Next Steps in Battle over Ozone Rule Being Planned By Lawyers
The scrapping by the Obama administration of a proposed new rule that would fortify ozone standards has alerted some lawyers involved in the litigations over existing regulations.
Litigation before the U.S. Circuit Court of Appeals for the District of Columbia had been put on hold since President Obama took office in 2009 and the U.S. EPA was considering whether or not to revise the rules that have been first introduced the previous year, during the final stretch of the George Bush administration.
Environmentalists were dismayed at the White House last Friday when President Obama announced that his administration will not adopt the new regulations.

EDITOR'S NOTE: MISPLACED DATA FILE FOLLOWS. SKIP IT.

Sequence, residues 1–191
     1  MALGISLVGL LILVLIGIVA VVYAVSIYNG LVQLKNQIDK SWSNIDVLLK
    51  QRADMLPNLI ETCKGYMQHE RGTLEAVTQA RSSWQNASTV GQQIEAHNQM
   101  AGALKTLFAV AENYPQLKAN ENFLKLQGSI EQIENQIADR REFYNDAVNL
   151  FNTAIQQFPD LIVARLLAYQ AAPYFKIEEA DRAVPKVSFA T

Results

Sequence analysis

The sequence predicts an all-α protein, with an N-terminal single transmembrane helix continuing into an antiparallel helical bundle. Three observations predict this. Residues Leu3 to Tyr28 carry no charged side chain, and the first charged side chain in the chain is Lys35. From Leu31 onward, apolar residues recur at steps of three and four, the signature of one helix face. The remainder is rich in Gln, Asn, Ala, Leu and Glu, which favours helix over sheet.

The White House has told the EPA to wait until another ongoing review is finished. This is to prevent having two reviews simultaneously hanging over the economy. Obama considered it as a step toward “reducing regulatory burdens and regulatory uncertainty, particularly as our economy continues to recover.”
That means that a new final rule will not come until 2013 at the earliest, unless the court orders the process to be sped up.
The now-discarded proposal would have established the national ambient air quality standard for ground-level ozone at between 60 and 70 parts per billion. The standard set during the pendency of the Bush administration was at 75 parts per billion.
The standard set during the Bush administration had seemed to fail in pleasing anyone. Industry groups have challenged it, saying that it was too strict, while the American Lung Association and other environmental groups say the standards did not go far enough.